Team GB’s Olympic Union flag sells out despite outrage over design

The flag is in different shades of blue and pink – Team GB

Team GB’s Olympic flag emblazoned with the words “Union Jack” sparked outrage after it was produced in pink and purple with wavy lines and polka dots and is now sold out. 48 hours of controversy.

Designers have moved away from the pure red, white and blue colors most associated with the British Olympic team and introduced options that include different shades in a bid to “push the iconic red, white and blue to the extreme”.

Olympic medalist Fatima Whitbread and England football legend Peter Shilton sparked a backlash, but publicity appears to have boosted sales, with the flags now listed as “sold out” on Team GB’s official fan shop.

Metal water bottles in the same color scheme are also sold out, but the traditional red, white and blue flags, towels in the new color scheme, bunting and smaller “waving” flags are still available.

The British Olympic Association has vowed not to use the classic red, white and blue Union Jack on its official 2024 Olympic jersey, which will not use the same color palette that emerged following a partnership with Bath design company Thisaway.

The new range of flags, bunting and water bottles was launched last June with a new color scheme but sparked criticism earlier this week amid outrage over the change to the St George’s Cross flag on the collar of England’s football shirts.

Britain's Fatima Whitbread throws the javelin during the women's javelin event at the Pearl Guarantee International Athletics Games between Britain, Russia and France in Portsmouth, England, June 19, 1988Britain's Fatima Whitbread throws the javelin during the women's javelin event at the Pearl Guarantee International Athletics Games between Britain, Russia and France in Portsmouth, England, June 19, 1988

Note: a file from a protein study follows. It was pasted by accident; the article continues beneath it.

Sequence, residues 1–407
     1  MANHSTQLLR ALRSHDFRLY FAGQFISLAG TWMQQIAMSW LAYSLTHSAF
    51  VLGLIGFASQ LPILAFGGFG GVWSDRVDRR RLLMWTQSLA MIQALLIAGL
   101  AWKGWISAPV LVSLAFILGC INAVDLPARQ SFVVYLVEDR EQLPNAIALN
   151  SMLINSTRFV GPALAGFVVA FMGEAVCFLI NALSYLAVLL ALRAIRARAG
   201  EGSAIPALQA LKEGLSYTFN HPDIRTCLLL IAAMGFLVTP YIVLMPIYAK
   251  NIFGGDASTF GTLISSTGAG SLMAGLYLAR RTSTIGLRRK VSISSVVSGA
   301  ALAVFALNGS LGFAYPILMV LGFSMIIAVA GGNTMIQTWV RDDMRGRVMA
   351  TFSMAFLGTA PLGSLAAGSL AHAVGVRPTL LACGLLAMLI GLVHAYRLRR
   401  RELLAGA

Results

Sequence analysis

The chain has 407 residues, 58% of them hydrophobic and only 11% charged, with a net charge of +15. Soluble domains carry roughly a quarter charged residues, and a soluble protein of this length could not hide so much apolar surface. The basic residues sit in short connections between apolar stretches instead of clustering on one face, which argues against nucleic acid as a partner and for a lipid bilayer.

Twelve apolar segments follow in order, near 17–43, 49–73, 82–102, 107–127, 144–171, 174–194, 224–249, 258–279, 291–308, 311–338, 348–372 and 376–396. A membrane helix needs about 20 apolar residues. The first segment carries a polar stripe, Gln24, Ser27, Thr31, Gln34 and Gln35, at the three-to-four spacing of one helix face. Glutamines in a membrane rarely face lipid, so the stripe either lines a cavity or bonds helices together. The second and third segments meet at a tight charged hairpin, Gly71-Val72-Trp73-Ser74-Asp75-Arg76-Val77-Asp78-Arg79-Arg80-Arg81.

Fatima Whitbread wins silver medal in javelin at the 1988 Seoul Olympics – Getty Images/Tony Duffy

Adidas is the official kit partner for Team GB and the designs were actually completed two years ago and will be officially unveiled by the athletes for the first time later this month on April 17th.

“All Team GB athletes will wear the Union Jack in Paris as usual,” a British Olympic Committee spokesman said.

It was also highlighted that the new color scheme will only appear on selected merchandise, as well as some digital graphics, as part of a number of different designs used to appeal to fans of all ages.

While the Team GB kit itself is expected to include varying shades of blue or red, as seen at the London and Tokyo Olympics, it is not inspired by the colors on the merchandise, which are thought to have transitioned to purple and pink.

The sold-out flag is labeled “Paris Union Jack Supporter Flag” and is priced at £12, while the sold-out metal water bottle is priced at £17.50. The same size traditional Union Jack is still on sale for £8 although there is also a larger hand-finished “quality stitched” Union Jack which retails for £49.

Hilton, England’s men’s record appearance record holder, condemned the different flag colours, saying: “Nothing is sacred.”


Team GB vows to keep traditional Union Jack on 2024 Olympic kits

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New Olympic merchandise designs were also labeled a “league joke” on the cover of The Sun, with Whitbread telling UK News she was “disgusted” by the move.

“Our ancestors went to war for us and fought for all the different things that we stand for now,” she said.

Team GB said they had received “extremely positive public feedback” on the new design, but stressed it would not replace the Union Jack on the jersey.

The designers said they updated the colors in a “flexible and ownable” way, thinking they would still be red, white, and blue variations.

“Rather than trying to transcend traditional colors, we decided to embrace them and promote the iconic red, white and blue wherever possible,” they said.

Four-time rowing gold medalist Matthew Pinsent spotted the sold-out flags, writing on social media: “There is a wide range of merchandise in the GB team shop, some with similar design themes …some only British team/“Lions. Arguably, something for everyone. “

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